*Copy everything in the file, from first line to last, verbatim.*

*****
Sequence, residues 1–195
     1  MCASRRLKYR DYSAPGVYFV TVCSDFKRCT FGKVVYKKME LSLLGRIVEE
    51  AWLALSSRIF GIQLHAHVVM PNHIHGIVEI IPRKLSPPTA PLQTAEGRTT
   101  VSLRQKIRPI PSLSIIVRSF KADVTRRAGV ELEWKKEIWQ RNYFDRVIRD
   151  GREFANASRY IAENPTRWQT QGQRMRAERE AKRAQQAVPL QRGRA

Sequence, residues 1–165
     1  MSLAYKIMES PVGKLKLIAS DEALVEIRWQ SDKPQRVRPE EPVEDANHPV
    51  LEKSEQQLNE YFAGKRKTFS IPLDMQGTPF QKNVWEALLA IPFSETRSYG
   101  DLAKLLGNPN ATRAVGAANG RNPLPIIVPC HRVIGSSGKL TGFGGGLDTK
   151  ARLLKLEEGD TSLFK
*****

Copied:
Sequence, residues 1–195
     1  MCASRRLKYR DYSAPGVYFV TVCSDFKRCT FGKVVYKKME LSLLGRIVEE
    51  AWLALSSRIF GIQLHAHVVM PNHIHGIVEI IPRKLSPPTA PLQTAEGRTT
   101  VSLRQKIRPI PSLSIIVRSF KADVTRRAGV ELEWKKEIWQ RNYFDRVIRD
   151  GREFANASRY IAENPTRWQT QGQRMRAERE AKRAQQAVPL QRGRA

Sequence, residues 1–165
     1  MSLAYKIMES PVGKLKLIAS DEALVEIRWQ SDKPQRVRPE EPVEDANHPV
    51  LEKSEQQLNE YFAGKRKTFS IPLDMQGTPF QKNVWEALLA IPFSETRSYG
   101  DLAKLLGNPN ATRAVGAANG RNPLPIIVPC HRVIGSSGKL TGFGGGLDTK
   151  ARLLKLEEGD TSLFK